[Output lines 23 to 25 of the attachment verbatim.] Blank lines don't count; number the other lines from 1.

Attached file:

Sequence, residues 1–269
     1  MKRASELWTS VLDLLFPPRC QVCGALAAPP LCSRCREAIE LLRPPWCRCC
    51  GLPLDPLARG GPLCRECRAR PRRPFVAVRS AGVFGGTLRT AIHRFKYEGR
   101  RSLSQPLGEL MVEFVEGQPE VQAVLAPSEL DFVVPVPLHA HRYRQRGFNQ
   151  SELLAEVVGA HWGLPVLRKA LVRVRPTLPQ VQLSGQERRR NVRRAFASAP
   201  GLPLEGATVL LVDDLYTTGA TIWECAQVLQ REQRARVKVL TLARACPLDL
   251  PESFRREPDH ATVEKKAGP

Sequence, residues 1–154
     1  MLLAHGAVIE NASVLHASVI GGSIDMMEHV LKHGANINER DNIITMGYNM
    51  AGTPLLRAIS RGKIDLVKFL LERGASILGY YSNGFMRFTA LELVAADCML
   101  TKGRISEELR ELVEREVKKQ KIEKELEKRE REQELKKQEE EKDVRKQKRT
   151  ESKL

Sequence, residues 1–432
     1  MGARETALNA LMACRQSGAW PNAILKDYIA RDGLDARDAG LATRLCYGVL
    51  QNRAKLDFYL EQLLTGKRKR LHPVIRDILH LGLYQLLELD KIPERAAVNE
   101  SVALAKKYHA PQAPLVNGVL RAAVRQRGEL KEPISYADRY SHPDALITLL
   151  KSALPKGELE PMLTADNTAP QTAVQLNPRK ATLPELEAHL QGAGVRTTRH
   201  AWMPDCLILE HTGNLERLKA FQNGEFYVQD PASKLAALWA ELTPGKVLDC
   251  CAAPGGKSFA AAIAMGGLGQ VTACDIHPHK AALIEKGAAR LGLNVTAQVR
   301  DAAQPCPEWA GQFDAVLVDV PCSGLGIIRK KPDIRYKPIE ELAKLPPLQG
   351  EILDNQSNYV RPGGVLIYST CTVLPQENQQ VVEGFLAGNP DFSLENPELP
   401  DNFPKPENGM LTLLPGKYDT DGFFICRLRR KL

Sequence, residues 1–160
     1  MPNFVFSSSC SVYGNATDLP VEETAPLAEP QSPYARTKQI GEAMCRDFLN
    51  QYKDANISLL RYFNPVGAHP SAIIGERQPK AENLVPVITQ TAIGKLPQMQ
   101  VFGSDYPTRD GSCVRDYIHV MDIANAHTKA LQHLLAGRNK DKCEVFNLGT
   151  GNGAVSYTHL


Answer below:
Sequence, residues 1–160
     1  MPNFVFSSSC SVYGNATDLP VEETAPLAEP QSPYARTKQI GEAMCRDFLN
    51  QYKDANISLL RYFNPVGAHP SAIIGERQPK AENLVPVITQ TAIGKLPQMQ